The success of The Godfather and Apocalypse Now means it’s easy to forget that director Francis Ford Coppola was once a radical and gifted independently minded screenwriter and director. His return from a decade-long directing hiatus was the bewildering adaptation of Mircea Eliade’s novel Youth Without Youth. With Tetro – Coppola’s first original screenplay since 1974’s The Conversation – the famed ‘New Hollywood’ director moves to the familiar of the failure of the family unit, with a black-and-white palate of his 1983 brat pack benchmark Rumble Fish. Vincent Gallo plays Tetro, a one-promising writer residing in Buenos Aires with his girlfriend (Maribel Verdu), who is annoyed when his younger brother Bennie (Alden Ehrenreich) suddenly appears asking questions about an unfinished play that Tetro was working on when he suddenly left America. The opening shots of Bennie arriving look like a perfume commercial and seeing Gallo hobble around on a leg cast (he broke his leg as filming was about to commence) only adds to the sense of Tetro being a broken man. Bennie by contrast is the Holden Caulfield type, unaffected by his own torrid relationship with his domineering father (Klaus Maria Brandauer) who feels that he can reignite his brother’s lust for life. Alas, Coppola’s tendency for over-indulgence takes over, with colour flashbacks that are poorly shot, a preposterous twist, and a storyline that runs out of steam at the production of a burlesque play. Still Tetro is a welcome return to some kind of form for the bearded behemoth. (Kaleem Aftab)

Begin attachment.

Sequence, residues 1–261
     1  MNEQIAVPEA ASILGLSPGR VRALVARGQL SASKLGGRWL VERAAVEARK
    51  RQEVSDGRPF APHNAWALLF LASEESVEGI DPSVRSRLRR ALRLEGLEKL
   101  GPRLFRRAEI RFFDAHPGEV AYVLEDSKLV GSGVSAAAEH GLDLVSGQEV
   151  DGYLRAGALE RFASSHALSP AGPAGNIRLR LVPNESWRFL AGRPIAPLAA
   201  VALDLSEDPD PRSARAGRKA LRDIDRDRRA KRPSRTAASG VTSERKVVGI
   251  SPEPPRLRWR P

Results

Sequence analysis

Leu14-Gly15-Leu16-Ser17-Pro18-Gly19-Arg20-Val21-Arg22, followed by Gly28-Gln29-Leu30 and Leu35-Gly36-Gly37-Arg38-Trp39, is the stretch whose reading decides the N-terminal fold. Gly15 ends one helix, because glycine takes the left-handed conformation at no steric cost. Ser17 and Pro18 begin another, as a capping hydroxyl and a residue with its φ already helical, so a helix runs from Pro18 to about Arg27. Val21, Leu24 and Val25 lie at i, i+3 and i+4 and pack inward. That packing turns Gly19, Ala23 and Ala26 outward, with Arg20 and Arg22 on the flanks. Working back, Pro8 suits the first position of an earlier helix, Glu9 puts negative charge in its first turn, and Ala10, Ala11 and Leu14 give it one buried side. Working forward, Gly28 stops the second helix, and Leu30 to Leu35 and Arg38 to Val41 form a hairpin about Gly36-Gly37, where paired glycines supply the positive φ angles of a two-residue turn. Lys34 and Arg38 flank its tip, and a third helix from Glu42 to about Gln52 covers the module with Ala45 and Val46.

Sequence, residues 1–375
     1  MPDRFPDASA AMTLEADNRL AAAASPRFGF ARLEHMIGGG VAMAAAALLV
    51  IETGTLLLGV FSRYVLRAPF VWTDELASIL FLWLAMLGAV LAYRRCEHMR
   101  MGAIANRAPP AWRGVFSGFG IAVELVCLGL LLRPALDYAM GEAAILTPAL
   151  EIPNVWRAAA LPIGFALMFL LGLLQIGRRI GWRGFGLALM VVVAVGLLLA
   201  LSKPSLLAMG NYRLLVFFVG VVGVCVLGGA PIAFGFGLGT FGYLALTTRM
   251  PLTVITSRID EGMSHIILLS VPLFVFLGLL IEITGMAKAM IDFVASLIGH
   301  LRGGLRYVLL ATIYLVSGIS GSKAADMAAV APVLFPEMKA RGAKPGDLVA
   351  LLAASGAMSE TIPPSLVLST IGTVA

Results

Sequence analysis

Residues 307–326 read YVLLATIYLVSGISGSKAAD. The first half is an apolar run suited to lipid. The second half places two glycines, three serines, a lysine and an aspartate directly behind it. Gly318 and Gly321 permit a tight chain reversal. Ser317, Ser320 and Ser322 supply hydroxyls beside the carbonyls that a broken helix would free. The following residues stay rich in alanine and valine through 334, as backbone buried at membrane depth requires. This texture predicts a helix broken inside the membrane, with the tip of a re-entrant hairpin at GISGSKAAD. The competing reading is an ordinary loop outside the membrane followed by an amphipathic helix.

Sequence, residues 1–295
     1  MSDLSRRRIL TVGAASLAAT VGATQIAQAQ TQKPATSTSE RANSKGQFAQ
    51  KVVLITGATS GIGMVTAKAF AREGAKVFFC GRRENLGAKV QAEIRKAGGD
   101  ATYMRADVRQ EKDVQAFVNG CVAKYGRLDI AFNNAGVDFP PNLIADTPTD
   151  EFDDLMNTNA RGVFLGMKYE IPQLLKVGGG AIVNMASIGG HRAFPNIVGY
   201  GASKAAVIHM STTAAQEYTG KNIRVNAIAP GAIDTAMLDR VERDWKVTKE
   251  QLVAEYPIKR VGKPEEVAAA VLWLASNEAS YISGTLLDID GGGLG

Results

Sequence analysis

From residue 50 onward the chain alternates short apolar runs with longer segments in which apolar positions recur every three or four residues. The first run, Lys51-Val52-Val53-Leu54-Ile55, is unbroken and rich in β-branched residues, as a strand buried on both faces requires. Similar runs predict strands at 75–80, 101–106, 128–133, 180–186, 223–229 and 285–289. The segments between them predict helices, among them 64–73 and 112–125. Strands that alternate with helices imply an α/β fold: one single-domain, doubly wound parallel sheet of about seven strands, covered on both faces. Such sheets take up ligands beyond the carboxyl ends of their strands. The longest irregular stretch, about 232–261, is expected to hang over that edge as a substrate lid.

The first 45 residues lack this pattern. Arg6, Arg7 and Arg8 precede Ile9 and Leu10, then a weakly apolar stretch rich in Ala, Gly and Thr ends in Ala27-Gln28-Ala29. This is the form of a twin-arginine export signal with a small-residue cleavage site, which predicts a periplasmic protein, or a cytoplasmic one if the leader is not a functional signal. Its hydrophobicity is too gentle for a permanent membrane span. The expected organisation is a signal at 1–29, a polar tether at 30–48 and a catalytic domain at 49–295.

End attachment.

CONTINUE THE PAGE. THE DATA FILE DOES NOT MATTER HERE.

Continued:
Cameo, Edinburgh and selected release from Fri 25 Jun.